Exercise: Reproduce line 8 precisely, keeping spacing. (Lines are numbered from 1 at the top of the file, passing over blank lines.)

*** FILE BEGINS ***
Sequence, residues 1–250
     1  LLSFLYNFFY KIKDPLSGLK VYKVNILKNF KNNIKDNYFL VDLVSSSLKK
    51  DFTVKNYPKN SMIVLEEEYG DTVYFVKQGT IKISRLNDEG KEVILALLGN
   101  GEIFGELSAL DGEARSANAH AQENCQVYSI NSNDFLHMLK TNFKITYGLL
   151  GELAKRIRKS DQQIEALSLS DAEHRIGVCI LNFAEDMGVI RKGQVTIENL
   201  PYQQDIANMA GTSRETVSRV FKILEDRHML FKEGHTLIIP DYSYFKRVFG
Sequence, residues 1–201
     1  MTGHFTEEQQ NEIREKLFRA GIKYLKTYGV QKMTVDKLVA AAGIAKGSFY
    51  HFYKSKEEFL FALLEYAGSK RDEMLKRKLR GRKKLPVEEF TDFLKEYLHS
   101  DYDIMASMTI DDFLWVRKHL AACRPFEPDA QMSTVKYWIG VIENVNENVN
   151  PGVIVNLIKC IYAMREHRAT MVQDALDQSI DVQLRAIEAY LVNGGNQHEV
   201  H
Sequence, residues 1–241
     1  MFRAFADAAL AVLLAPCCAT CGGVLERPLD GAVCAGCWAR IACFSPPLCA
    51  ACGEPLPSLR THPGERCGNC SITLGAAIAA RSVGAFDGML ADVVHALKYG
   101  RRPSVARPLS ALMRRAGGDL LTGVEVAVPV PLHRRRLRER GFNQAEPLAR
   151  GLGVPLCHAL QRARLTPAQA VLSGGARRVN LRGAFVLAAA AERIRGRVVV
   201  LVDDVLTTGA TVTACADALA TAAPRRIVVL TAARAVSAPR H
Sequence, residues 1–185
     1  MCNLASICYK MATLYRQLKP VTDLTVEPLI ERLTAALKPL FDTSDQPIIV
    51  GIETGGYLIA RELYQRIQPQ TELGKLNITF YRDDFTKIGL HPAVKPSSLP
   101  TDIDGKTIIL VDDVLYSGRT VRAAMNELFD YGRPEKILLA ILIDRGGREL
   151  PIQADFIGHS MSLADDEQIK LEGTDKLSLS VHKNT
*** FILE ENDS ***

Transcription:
     1  MTGHFTEEQQ NEIREKLFRA GIKYLKTYGV QKMTVDKLVA AAGIAKGSFY